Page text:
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Re: Flywheel bolts... the lowdown...

Postby jondee86 » Thu Nov 24, 2016 1:09 pm

TODA flywheel 3.7kgs...

Image

Note that while there are plenty of holes around the outside of the flywheel, there
are no holes inside the friction face. I believe that TODA know what they are doing
when the design a flywheel. But I am not so sure about some of the China made
flywheels full of holes inside the friction surface that I see on Ebay.

Dowel pins are for locating, bolts are for generating clamping force. I have never
seen any evidence that fitting dowels will solve a problem caused by lack of sufficient
clamping force. If the bolts are doing their job, the dowel is just along for the ride.
If the flywheel starts to move on the crank, it will shear just the same as the bolts.

Incidentally, when I fitted my flywheel, I used ARP bolts and their recommended
lube and torque instructions. I tightened them in four steps, but the last step was
only around 10ft-lbs and some of the bolts did not even move before the wrench
clicked. I wasn't happy with that, and backed all the bolts out. Then I tightened
them in three steps with the last step around 20ft-lbs. That meant I could get a nice
smooth pull until the wrench clicked. That felt a lot better !!!

Cheers... jondee86
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Re: Flywheel bolts... the lowdown...

Postby SgtRauksauff » Mon Nov 28, 2016 7:59 am

So, I used an Illegal Garage lightweight flywheel/clutch setup when I put my motor together a long time ago. LOTS of track days / Time Attack / autoX, it was basically all I used the car for.

I honestly cannot remember if I just re-used the original flywheel bolts, or if I got new ARP ones, but I've not had any issues. but now I want to yank things apart and look to relieve the paranoia, lol!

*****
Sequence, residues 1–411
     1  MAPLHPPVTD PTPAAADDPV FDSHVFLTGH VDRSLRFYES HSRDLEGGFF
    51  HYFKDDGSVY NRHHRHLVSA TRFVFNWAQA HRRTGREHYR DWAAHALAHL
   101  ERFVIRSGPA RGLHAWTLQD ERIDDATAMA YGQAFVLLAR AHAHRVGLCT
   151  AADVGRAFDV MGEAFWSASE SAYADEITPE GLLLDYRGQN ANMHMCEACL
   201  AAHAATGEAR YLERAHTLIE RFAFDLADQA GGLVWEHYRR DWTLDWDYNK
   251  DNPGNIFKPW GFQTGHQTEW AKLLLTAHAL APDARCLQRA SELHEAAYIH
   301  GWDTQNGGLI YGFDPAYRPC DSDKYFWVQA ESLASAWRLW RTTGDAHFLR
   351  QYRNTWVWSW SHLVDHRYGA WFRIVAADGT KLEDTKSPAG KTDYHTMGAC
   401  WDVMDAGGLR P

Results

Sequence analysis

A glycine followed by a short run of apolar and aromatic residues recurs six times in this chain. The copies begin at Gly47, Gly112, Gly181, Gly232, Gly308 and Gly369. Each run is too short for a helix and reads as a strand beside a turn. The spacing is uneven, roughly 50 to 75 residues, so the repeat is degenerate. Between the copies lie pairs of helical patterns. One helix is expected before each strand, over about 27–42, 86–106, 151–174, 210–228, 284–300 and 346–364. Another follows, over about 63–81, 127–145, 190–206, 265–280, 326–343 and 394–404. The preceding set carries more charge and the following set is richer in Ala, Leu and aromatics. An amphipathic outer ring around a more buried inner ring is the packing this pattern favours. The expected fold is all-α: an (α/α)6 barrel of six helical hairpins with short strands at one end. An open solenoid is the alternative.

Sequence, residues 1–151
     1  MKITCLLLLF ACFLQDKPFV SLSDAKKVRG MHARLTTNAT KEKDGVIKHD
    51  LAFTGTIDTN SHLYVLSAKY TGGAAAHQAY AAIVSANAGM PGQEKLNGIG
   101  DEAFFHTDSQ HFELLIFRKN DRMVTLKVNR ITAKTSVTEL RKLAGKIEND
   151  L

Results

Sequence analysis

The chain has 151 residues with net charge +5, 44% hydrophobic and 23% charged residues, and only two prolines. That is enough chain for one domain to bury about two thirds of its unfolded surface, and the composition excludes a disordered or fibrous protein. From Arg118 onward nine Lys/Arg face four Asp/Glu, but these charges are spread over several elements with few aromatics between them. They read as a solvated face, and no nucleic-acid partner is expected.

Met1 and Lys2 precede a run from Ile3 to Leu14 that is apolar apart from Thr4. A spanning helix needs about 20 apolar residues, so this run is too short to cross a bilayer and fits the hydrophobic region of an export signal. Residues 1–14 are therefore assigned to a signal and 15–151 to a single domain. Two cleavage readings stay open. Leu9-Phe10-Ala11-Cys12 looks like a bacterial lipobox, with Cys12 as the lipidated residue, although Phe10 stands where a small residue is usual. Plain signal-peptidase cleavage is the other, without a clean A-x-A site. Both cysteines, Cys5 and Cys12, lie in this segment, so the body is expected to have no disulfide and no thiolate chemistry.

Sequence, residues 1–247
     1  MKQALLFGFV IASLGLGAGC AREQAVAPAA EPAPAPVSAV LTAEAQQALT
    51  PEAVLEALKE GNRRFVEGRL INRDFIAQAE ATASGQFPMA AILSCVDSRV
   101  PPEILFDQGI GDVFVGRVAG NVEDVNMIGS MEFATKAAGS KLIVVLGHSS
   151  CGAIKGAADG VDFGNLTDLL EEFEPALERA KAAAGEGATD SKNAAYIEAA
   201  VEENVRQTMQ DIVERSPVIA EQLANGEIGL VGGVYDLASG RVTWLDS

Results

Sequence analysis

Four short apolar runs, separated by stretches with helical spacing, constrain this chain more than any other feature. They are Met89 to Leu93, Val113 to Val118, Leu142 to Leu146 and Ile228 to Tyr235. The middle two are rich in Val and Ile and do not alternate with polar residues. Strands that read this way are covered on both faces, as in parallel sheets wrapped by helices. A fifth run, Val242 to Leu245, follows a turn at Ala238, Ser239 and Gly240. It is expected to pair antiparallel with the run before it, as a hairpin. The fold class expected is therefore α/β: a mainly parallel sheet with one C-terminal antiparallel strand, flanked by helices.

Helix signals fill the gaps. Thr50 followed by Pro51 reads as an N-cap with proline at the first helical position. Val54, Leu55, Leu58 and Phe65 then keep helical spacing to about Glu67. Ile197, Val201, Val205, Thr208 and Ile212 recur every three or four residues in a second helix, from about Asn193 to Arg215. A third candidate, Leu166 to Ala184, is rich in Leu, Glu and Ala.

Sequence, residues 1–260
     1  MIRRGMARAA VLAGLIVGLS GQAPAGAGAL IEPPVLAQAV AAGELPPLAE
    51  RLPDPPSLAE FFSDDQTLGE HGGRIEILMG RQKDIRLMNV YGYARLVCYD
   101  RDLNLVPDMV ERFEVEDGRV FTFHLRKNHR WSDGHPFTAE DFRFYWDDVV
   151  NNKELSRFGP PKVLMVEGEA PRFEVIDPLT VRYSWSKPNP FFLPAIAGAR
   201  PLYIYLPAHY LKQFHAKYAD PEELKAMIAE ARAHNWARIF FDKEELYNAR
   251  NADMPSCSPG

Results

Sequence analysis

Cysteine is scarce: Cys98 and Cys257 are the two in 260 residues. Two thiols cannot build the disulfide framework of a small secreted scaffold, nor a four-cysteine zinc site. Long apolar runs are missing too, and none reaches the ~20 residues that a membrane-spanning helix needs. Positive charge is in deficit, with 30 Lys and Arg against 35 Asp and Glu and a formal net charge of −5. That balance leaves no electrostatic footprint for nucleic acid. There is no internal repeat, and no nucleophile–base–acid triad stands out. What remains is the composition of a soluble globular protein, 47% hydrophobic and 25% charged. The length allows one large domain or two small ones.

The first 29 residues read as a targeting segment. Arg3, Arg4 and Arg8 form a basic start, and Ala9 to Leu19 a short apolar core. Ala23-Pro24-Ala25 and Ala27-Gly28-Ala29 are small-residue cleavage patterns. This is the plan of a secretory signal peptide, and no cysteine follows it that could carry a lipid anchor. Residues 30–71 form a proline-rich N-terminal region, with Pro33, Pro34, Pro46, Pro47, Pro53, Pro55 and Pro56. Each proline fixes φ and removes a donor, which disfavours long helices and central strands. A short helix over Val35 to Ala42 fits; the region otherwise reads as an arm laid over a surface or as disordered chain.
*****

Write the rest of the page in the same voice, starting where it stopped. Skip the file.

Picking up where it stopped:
Image

actually, looking at the full-size image, here it looks like there's a little "ARP" stamped on some of the 12-point bolts. so I think I went with new ARPs and am no longer paranoid...

:)

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Re: Flywheel bolts... the lowdown...

Postby jondee86 » Mon Nov 28, 2016 12:20 pm

Yeah, I know the feeling... should I have loctited those bolts... should I have
used a torque wrench instead of my ratchet :) Being cautious with matters that
have a direct bearing on your health and safety on the road is not stupid !!!

Rule of thumb... use OEM parts and fasteners on a stock standard car. But if you
are modifying and upgrading parts for more power and performance, use better
fasteners and a torque wrench. It doesn't matter how strong the fastener is if
it is not tightened sufficiently to generate the required clamping force.

OEM fasteners are designed with a decent safety margin built-in, but they are
selected for the engine power and maximum rpm as the car leaves the factory.
When power or rpm are increased from factory, the safety margin is reduced.
Then it is up to the engine builder or modifier to decide at what point the margins
have been reduced to the point where upgraded fasteners are required.

Cheers... jondee86
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Re: Flywheel bolts... the lowdown...

Postby SgtRauksauff » Tue Nov 29, 2016 11:56 am

plus, if that's what you're into, you can get a lot of street cred by saying you have ARP fasteners for everything! lol.